In the beginning...

...there were The Flyaways, a family who traveled in their miraculous flying machine having daring adventures with Goldilocks and Cinderella. The first in the 3-book series by Alice Dale Hardy was published by Grosset and Dunlap in 1925 and copies are almost extinct. Few people remember Ma and Pa, Tommy and Susie Flyaway now.

I became acquainted with them on my grandfather's lap, my dear Grandpa Baker who read and read and read to me every evening for as many years as I can remember. I would hold my breath as each chapter ending neared, hoping he would not stop. I would keep begging for "just one more" chapter until his voice got so hoarse I would have to run to his room to get his throat lozenges.

Over the years we covered all of Uncle Wiggly and Honey Bunch, the Bobbsey Twins, the Five Little Peppers, the Wind in the Willow series, some of them more than once. He read to me until long after I could read everything for myself, until I was into Beverly Gray, Trixie Belden, Nancy Drew and The Hardy Boys. I was safe and happy snuggled up on the couch with him and that feeling has never left me. I still read and read and read, and it still makes me feel safe and happy.

Monday, May 30, 2011

Mem Day Reading - two

Emily, Alone reinforces Stewart O'Nan creds as a master storyteller, one who takes an unfortunate backseat to such popular less talented writers such as Grisham. O'Nan has a unique ability to expound on subjects he couldn't possibly have experienced (as in a woman's perspective) as he does in this novel of an aging widow. It is a timely study as we Boomers are approaching this stage of our lives and excellently done.

I also read a little known nonfict account called Death in the Barrens by George Grinnell who, as a college student in the 50's completed a horrific, ill-fated canoe trip across Northern Canada. Not particularly well written but nevertheless very readable, I enjoyed it.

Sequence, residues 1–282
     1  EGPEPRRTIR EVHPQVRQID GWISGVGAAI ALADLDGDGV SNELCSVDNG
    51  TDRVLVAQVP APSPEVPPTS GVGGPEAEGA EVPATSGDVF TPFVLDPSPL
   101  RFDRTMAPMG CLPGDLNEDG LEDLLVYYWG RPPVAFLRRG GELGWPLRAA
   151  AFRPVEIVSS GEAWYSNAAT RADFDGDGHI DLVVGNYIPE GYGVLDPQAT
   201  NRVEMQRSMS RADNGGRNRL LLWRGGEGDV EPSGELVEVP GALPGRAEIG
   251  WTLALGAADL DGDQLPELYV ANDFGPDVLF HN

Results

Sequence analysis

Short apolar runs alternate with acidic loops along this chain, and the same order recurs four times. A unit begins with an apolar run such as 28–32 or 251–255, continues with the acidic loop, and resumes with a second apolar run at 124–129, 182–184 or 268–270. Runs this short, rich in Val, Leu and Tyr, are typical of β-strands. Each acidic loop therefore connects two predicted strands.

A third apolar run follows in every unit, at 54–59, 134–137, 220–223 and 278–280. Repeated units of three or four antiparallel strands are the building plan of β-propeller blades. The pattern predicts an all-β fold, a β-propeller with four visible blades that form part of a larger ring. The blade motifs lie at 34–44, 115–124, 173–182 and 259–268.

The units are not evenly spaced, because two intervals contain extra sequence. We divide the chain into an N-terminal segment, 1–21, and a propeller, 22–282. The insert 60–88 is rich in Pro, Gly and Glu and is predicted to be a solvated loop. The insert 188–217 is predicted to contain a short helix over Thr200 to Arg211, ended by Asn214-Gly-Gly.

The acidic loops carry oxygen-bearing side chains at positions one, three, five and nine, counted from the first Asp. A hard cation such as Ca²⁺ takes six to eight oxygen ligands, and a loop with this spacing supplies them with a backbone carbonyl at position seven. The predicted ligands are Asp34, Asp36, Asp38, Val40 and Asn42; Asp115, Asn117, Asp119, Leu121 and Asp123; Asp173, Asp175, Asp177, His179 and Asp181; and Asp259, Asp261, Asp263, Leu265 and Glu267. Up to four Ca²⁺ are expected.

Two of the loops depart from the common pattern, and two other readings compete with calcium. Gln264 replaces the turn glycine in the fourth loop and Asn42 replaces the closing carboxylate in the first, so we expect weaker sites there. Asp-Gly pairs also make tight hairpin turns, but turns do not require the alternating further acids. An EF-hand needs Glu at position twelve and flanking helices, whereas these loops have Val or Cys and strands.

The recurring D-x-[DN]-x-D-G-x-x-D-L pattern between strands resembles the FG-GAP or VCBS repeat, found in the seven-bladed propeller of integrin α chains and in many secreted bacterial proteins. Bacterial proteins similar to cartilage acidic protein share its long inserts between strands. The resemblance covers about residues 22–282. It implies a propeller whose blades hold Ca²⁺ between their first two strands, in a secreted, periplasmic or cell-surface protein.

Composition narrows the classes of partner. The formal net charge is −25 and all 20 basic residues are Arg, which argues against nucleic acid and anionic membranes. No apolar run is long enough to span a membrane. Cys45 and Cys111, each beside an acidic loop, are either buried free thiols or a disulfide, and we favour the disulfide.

Friday, May 27, 2011

Albany, O Albany

I always like novels set in the Capital District and this is no exception, made especially desirable by the fact that author Vincent Zandri will be here at the library in June. Zandri's new protagonist in the Concrete Pearl (yes, downtown Albany, Pearl Street)is Ava "Spike" Harrison, a tough-as-nails female construction company owner, battling to save her late father's business in the face of an asbestos scandal and murders. I love the references to the area - APL, Miss Albany Diner, etc., and the presence in the story of Tess and the Lark Tavern. Intend to ask how a writer goes about fictionalizing a real person, name and all. Permission? I read this on my Kindle and was distressed by the grammatical errors. Who to blame for that? I am eager to meet Vincent and ask some questions.

A Drop of the Hard Stuff

Sometimes I wish I drank alcohol becuase I find this title particularly attractive. It is a Matt Scudder novel and a good one, as he approached his first year sober and finds him enmeshed in a complicated and threatening multiple killer investigation. Lawrence Block is a dependable writer and I like Scudder.

Tuesday, May 24, 2011

Not spectacular

what the night knows - Dean Koontz Too supernatural for me. Cop and family assailed by the presence of a long-dead killer.
Crunch Time - Diane Mott Davidson Same old, same old.

Thursday, May 5, 2011

Easy Reads for a Hard Week

Sandra Brown is always a reliable storyteller and she came through with tough customer which was easy to get in and out of as I suffered from insomia and worried about my nephew. It was not only a killer/stalker tale, it was a neat love story with some echoes of my own life in it.

i'd know you anywhere is told in flashbacks, a technique I'm not fond of. The situation is: Elizabeth, kidnapped at 15, held for 6 weeks, released by abductor who has previously killed his victims. Twenty years passes, name change, marriage, two kids, Elizabeth starts recieving communications from the incarcerated killer. And, for reasons which the author (Laura Lippman) attempts to explain, the victim responds. I was not thrilled with this book on several levels.

However, I am pretty happy with Rebecca James' Beautiful Malice, although it also was told in flashbacks. A psychopathic "friend" exploits a young woman's guilt over the rape and murder of her younger sister. This "friend" is truly frightening and wrecks havoc in many lives. Read this in a matter hours. Can't find any more by this author, but I'll be watching.